Army Of The Damned Review

Matt Donato

Reviewed by:
On January 9, 2014
Last modified:January 9, 2014


Part Godsmack music video, part brainless satanic horror movie, Army Of The Damned is a hodgepodge of clichés that never strives to be anything more.

Army Of The Damned Review

I made a promise to myself that I’d review as many horror films as possible in 2014, so I started last night off by jumping on XBOX, pulling up the most recent VOD horror flick, and giving it a rent – like a game of cinematic Russian Roulette. The film I ended up with? Army Of The Damned, a film bringing together Sully Erna (lead singer of Godsmack), Candyman (Tony Todd), Joey Fatone (*N SYNC/exploiter of fat jokes), Michael Berryman (Pluto – no, not the dog – from The Hills Have Eyes) and Nick Principe (ChromeSkull in Laid To Rest). If some of those names mean nothing to you, then you’re not a horror fan, and you’ve certainly stumbled upon the wrong review – or you somehow missed that wretched decade where boy bands ruled the universe. Either this cast was going to be supergroup-status awesome, or Frankenstein monster horrendous – but we’ll get to that.

Taking place in Salem County, we meet Bridge (Sully Erna), a law enforcer who gave up the big-city beat to return home and preserve his father’s legacy. Even though Salem County typically isn’t a hotbed for crime, a Cops-like reality show still picked Bridge’s department as their next episode, which also means Bridge has to chauffeur around host Kayla (Jackie Moore) and her cameraman Dave (Joey Fatone). As Bridge’s patrol looks like just another mundane day, the reality show catches a break when a domestic disturbance is called in at a residential house. Expecting an argument, Bridge winds up finding a dead family, loud noises, a golden light, and two responding officers already in a world of danger. As the night progresses, our reality show crew gets way more footage than they bargained for – most of it too unbelievable to even comprehend. The forces Bridge has to face aren’t of this world, but with the help of a crazy veteran (Michael Berryman), an already arrested criminal (Nick Principe), Kayla, and Dave, humanity still has a fighting chance – not much of one, but still, a chance.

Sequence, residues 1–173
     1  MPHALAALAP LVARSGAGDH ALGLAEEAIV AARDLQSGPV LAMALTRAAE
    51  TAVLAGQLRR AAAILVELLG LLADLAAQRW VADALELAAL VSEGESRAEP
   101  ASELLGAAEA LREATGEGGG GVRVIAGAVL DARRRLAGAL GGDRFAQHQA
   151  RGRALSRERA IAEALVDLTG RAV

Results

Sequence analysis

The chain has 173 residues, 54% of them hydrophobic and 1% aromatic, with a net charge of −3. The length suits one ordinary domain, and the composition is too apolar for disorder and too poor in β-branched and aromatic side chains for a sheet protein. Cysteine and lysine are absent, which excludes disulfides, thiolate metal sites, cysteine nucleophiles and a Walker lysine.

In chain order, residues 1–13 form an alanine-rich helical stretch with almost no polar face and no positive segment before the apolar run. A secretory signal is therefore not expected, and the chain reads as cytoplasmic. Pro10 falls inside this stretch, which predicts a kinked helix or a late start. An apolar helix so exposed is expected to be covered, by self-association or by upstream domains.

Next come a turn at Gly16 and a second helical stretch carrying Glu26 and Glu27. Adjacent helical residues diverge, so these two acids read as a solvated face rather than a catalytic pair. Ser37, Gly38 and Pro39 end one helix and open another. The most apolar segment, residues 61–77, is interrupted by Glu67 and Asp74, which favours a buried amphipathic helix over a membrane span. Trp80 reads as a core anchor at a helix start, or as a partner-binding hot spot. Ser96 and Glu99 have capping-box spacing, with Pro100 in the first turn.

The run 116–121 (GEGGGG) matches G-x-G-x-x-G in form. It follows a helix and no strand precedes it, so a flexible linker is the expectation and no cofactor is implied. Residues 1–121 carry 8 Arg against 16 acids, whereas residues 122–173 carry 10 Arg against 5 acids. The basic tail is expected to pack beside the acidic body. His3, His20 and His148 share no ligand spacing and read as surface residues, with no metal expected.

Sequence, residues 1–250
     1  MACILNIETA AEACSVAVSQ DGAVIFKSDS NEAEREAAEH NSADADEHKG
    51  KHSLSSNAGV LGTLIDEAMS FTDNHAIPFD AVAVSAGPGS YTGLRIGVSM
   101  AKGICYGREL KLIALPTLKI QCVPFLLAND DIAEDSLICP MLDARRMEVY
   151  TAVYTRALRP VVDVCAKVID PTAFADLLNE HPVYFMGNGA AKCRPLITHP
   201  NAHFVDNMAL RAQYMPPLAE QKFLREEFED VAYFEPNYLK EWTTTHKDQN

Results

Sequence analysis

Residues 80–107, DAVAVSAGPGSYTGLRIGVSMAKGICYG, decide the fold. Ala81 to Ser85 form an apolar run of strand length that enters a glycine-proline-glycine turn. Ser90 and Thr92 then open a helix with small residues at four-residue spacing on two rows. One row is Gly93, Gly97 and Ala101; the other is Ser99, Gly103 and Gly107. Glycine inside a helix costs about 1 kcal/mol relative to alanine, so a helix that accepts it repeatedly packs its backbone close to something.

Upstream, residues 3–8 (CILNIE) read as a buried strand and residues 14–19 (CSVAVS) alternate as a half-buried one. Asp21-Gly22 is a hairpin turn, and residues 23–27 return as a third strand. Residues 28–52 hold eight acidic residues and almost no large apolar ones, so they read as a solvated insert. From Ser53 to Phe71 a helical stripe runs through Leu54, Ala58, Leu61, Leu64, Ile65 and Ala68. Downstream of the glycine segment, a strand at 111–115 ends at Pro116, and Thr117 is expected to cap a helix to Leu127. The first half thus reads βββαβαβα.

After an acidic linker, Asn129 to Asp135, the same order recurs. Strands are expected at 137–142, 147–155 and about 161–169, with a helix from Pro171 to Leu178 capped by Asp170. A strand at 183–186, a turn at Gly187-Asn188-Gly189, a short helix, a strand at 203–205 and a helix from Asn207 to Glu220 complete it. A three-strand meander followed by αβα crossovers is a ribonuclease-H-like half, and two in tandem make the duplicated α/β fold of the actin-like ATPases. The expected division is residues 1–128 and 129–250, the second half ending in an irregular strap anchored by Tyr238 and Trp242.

Writer/Director Tom DeNucci assuredly asserts himself as a horror fan through a nostalgic script full of cheeky references and the cameo casting of famous genre faces, but in doing so, Army Of The Damned becomes a low-budget, cliché ridden, copycat title deader than Fatone’s singing career. Shooting for B-Movie glory, DeNucci makes too many fatal mistakes that horror fans simply won’t stomach, relying on an overabundance of unfunny comedy and gratuitous gore – without establishing any resemblance of horror.